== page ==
Jane Byers and Kara-lee MacDonald will be reading their poetry at the Notional Space in East Vancouver, on Feb. 22, along with Elizabeth Bachinsky and Leanne Dunic.
Both poets found their form of expression through poetry that speaks of resilience. Byers writes about LGBT history in her new book, Acquired Community (Caitlin Press, 2016) while MacDonald details her struggles with bulimia in her own collection, Eating Matters (Caitlin Press, 2016).
Byer’s Acquired Community makes references to acquired immune deficiency syndrome (AIDS). A great portion of the poems she wrote takes place during the AIDS epidemic.
“That crisis brought people together and we acquired our community that way,” says Byers.
A community of people came together in a time that was one of its darkest in history. What Byers strives to recall within her poems is a remembrance of LGBT history both in good times and in bad.
One of the poems she will be reading at the Notional Space is called “March on Washington, 1993,” which she considers a pretty topical piece right now. Her book contains what she calls parade poems and is the genesis of her book.
“I was writing about parades and how much of an impact they had on coming out,” says Byers. “It’s our collective stories, and I’m looking at how resilient we are as a community.”
That community has grown and, though Byers says progress has been meandering rather than linear, her poems are a call for people to remain steadfast and fighting.
“My friend is an ally and she asked, ‘Why do we need a Pride Parade in Nelson?’ It was really interesting for me to ponder that question,” Byers says. “In a way, this book is my response to that. It’s our history, and people don’t know it.”
Acquired Community earned Byers an opportunity to work as a Simon Fraser University (SFU) writer-in-residence for the Archives of Lesbian Oral Testimony (ALOT). Elise Chenier, Ph.D., director of ALOT, offered Byers the position after doing projects in Nelson where she was attempting to get the lesbian community there to document their stories.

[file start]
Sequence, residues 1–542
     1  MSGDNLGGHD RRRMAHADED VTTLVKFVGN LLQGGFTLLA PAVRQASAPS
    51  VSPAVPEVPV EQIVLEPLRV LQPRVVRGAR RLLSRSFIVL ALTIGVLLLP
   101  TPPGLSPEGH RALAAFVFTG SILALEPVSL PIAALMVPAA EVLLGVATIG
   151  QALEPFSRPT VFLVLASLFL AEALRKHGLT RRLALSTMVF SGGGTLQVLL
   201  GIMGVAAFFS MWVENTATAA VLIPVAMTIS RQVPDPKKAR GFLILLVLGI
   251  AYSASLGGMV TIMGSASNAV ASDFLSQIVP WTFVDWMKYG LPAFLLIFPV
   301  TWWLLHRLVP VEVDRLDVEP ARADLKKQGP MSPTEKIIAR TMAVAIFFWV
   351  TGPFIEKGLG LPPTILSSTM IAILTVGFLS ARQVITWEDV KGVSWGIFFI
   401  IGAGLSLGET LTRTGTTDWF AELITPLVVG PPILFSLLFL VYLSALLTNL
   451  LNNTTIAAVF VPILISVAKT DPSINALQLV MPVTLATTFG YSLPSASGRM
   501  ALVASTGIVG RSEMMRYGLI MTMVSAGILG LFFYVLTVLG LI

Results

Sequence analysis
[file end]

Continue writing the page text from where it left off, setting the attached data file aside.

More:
“Lesbians have been excluded from the historical record, and [ALOT] is a way we can have the collective records there for people to access,” explains Byers. “The oral part is important because it’s essential to have people’s stories recorded and the archive reminds us there is a place for us.”
Poetry as power
MacDonald uses her experience with anorexia and bulimia to highlight her healing process. For her, poetry was a sense of control over her situation and an outlet to express her feelings.
“What I was trying to do when writing was identifying concrete feelings and dealing with bigger ideas and concepts,” MacDonald says. “Poetry allows me to use things like metaphors and play with language. I felt like it gave me a power over it.”
The power she received from writing has been helpful in aiding her progress, says MacDonald, who is still on the road to recovery from her eating disorder. Her favourite poem, which is an imagined dialogue between herself and the ghost of the late Princess Diana, shows the theme of perseverance throughout her collection.
“It’s a positive and powerful poem about picking yourself up again and carrying on,” MacDonald explains. “I like to read a couple [of poems] that make people laugh because it tends to be a pretty heavy subject matter. You can see it in their faces that it’s hard to hear sometimes.”
The combination of her experiences along with the dark humour she puts into her poems allows them to resonate deep within her readers. MacDonald notes that though not everyone may have a full blown eating disorder, weight and body image is still something that affects society, but what helps her heal is writing and time.
“Every day you have to wake up and make that decision,” MacDonald says. “We don’t have a lot of time, and every time I think that I want to binge, I just think about our limited time and how it’s not worth it.”